Many of the 2,500 ambulance and camion drivers who served with the American Field Service (AFS) during World War I spent a holiday season away from home. The men celebrated the holiday in different ways, depending on where they were stationed.
In 1915, AFS Ambulance Driver Philip T. Cate celebrated the holiday with the French brancardiers (stretcher bearers.) He noted in his diary that “there was wine, which they always have in great quantities,” as well as plum pudding. The brancardiers lit small candles and sang Christmas songs, led by their Sergeant. Just two years later, AFS Ambulance Driver Edward Ross noted in his diary that he helped to gather mistletoe on Christmas Eve before a dinner the following day that included vegetable soup, turkey, turnips, carrots, and string beans, among other treats.
In 1917, after the organization was absorbed into the U.S. military after the entry of the United States into the war, 157 former AFS Drivers gathered together for a Christmas Eve celebration at 21 rue Raynouard in Paris, France. The walls and ceiling of the villa were hung with holly and Christmas greenery, and many candles were lit and placed on several Christmas trees (one of which is pictured above.) The AFS men drank champagne, and ate plum pudding and turkey, ending the evening with songs.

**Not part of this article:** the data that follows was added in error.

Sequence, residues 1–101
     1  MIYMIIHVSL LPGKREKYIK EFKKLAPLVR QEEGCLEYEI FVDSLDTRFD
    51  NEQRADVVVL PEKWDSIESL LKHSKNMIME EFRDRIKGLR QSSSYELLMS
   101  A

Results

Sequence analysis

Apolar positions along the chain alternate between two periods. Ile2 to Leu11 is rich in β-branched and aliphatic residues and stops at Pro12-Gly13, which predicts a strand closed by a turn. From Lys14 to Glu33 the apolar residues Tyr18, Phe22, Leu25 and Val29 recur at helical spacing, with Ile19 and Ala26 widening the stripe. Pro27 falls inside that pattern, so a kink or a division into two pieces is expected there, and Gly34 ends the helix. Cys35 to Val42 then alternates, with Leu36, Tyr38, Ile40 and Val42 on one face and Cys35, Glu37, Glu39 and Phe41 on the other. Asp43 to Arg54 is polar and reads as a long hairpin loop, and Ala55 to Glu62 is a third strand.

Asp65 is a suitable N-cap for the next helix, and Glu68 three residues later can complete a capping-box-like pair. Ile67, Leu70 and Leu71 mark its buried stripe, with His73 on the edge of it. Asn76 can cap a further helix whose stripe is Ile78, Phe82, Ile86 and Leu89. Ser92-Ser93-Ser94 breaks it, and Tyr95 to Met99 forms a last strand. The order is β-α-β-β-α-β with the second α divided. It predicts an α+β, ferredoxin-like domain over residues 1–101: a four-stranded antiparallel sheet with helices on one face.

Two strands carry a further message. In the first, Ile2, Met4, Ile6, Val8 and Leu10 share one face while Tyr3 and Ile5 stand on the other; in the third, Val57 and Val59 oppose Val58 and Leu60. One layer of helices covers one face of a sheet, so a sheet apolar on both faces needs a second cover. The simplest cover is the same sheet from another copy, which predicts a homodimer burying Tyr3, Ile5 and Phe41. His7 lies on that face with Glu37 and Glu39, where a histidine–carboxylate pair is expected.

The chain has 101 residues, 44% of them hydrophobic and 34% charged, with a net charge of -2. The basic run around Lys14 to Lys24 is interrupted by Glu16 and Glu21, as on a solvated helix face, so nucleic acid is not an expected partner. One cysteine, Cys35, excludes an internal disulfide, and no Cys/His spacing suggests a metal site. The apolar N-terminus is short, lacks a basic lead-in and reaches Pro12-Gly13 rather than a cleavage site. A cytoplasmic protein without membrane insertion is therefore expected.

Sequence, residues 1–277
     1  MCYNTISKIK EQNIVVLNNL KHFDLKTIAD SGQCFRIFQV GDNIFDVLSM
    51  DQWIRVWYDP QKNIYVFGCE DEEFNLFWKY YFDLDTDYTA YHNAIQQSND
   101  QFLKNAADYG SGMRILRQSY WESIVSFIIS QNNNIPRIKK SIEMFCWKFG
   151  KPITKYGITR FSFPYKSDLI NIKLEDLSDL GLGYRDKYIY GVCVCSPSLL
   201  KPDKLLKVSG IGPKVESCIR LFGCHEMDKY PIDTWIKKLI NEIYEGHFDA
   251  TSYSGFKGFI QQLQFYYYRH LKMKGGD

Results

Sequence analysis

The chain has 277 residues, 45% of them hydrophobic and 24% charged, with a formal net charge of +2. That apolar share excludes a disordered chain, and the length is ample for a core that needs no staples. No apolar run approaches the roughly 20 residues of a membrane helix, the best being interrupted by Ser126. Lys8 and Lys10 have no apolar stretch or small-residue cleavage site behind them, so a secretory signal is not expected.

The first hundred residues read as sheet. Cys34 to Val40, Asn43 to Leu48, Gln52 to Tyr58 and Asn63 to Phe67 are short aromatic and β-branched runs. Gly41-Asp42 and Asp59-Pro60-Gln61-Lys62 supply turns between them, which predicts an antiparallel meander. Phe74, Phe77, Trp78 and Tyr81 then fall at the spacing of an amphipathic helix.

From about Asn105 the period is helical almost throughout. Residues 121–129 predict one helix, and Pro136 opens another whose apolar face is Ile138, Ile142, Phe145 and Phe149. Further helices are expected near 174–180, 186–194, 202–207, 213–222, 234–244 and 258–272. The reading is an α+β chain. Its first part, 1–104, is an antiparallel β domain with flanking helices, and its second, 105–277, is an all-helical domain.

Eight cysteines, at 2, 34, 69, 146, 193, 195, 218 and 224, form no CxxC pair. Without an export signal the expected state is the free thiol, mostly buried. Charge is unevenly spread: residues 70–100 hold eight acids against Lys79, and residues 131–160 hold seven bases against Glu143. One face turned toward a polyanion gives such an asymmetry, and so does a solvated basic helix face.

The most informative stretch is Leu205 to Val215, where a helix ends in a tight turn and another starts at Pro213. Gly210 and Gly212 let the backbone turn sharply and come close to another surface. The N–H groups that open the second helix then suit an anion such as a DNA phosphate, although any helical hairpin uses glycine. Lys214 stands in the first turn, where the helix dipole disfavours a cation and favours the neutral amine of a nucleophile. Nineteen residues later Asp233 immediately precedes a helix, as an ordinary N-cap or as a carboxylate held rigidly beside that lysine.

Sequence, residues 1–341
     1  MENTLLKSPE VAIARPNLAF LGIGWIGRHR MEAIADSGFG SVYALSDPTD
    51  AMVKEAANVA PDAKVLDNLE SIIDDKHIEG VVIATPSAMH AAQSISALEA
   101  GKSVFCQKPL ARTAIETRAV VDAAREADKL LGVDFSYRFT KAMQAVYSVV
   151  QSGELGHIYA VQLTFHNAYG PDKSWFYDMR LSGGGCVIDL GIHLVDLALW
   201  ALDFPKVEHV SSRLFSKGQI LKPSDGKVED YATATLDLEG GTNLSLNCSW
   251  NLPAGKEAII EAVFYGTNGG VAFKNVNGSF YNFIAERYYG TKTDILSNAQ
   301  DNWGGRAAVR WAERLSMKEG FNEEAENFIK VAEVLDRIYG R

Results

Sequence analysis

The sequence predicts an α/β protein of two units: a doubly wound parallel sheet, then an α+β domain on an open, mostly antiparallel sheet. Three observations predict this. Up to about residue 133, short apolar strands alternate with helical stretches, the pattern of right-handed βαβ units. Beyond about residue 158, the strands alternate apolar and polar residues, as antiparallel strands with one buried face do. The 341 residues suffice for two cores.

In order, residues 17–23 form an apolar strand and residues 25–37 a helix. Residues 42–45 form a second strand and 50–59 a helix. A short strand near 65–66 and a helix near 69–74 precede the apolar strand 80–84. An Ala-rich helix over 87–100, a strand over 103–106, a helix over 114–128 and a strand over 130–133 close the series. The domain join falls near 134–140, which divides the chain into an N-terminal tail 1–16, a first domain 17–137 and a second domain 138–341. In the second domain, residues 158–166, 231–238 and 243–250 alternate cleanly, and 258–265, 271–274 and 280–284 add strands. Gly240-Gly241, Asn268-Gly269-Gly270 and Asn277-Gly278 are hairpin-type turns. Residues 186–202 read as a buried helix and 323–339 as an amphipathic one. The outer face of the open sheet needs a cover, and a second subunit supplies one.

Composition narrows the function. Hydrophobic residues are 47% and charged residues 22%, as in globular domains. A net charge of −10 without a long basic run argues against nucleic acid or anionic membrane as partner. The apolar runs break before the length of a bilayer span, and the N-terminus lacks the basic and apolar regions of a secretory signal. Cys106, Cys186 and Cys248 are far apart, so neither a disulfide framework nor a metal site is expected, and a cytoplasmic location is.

Click here to contact the AFS Archives if you would like to schedule a research appointment to view either of the World War I diaries, or here to view more photographs from the AFS headquarters at 21 rue Raynouard.